While not too many bench pharmacists get a lunch hour, creative solutions are still possible. In theory, anyway
In My View
One of the reasons many pharmacists shy away from a career in retail community pharmacy is the fact that there is no true meal break. When a team of pharmacists works together in a long-term care or hospital setting, one of them can break away for a 30-minute lunch break. Not so for pharmacists who choose to work in retail; we know that we are, in most cases, the only license in the store and we cannot lawfully leave the building.
In those circumstances, we are left to decide whether to work through a 12-hour shift without a proper lunch or dinner break and simply munch on snacks throughout the entire day. Some pharmacists wolf down a sandwich between scripts, gambling that customers will not come upon the sight of the healthcare professional eating on the job.
The 30-minute close
One big-box company came up with the idea of closing the pharmacy for 30 minutes at lunchtime. Right in the middle of the busiest time of the day, the pharmacist is required to close the windows of the pharmacy, even if a line of patients is waiting, all with acute symptoms and needing immediate prescription service.
The moment the pharmacy closes, the staff is theoretically “off the clock” and, according to management, not permitted to assist customers, even if they merely ask where a certain OTC drug product can be found. In most cases, by the time the window is finally closed, a good portion of the 30-minute break is gone.
Is it good judgment to close for lunch? I say not. The customers are inconvenienced, and if all they want to do is drop the prescription off for later pickup, they will now be required to make three trips to the pharmacy. Staying open and operational all day is in the best interests of customer service.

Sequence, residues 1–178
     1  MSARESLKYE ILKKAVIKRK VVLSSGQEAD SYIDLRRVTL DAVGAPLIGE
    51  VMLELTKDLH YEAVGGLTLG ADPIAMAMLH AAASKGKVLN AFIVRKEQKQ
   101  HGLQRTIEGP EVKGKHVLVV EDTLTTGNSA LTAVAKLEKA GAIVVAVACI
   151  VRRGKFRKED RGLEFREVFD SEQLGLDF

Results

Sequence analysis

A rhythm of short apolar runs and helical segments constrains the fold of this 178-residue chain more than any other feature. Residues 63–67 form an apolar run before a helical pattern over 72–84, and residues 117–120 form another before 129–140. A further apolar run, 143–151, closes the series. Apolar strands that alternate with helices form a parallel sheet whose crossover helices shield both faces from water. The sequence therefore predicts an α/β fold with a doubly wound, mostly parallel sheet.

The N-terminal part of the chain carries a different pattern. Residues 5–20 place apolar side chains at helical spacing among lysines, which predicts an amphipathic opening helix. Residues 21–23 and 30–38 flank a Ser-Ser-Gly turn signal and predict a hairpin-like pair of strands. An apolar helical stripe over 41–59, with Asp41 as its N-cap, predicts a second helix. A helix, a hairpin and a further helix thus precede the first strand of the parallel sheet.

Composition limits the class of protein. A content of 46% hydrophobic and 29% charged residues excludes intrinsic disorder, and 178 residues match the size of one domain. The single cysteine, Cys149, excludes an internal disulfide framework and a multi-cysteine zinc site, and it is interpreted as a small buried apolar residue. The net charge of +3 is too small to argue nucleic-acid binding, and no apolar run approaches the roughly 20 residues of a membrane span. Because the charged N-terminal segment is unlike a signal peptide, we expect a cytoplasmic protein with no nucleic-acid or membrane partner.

The brown-bag solution
You can send your tech out to get you a hamburger at the nearest fast-food enterprise, but in some cases by the time you get the chance to take a few bites, it will be cold and unappetizing and maybe inedible. Most of us will brown-bag it, perhaps bringing in a sandwich from home.
The aroma of peanut butter and jelly on white bread takes me right back to my early days, when I was working for the Thrift Drug Company. I became very skilled at filling five scripts while eating half a sandwich. I often found the rest of an uneaten sandwich on the counter behind eight or nine drug bottles when I was caught up enough to replace the bottles on the shelves.
Even though it goes against my own principles to do it - food should not be consumed where prescriptions are prepared - the practice of grabbing a sandwich while filling prescriptions goes way back to when I was a first-year pharmacy student in the mid-1960s, working a four-hour shift in an independent pharmacy. I loved working on Friday nights because that was when the relief pharmacist worked. Tom, the relief pharmacist, was a great storyteller.
Tom had a pharmacist buddy named Barney. One day, while filling prescriptions, Barney got angry because his wife had forgotten to put salt on his chicken-salad sandwich. He ransacked the pharmacy, throwing open every cabinet and drawer, looking for a saltshaker, but struck out. Then it hit him: The pharmacy, like most independent pharmacies in that era, stocked the chemical compounds needed for extemporaneous compounding, all lined up in a uniform row of amber glass bottles. He could just go over to the compounding area and grab the Merck reagent sodium chloride and sprinkle some on the sandwich.
Wonderful idea, right? Only instead of grabbing the sodium chloride, Barney mistakenly reached for the sodium bromide and sprinkled it on his sandwich. Bromides were once used to induce sleep. It wasn’t long before - you guessed it - Barney was snoring away.
I don’t know how true this yarn of Tom’s was, but we all enjoyed listening to his stories. And this one still gives me a sense of continuity every time I find myself eating chicken salad on pumpernickel with NaCl while I count out the hydrochlorothiazide.
Bob Spera is a community pharmacist, a hospital pharmacist, and a writer for pharmacy trade journals. E-mail him at firstname.lastname@example.org.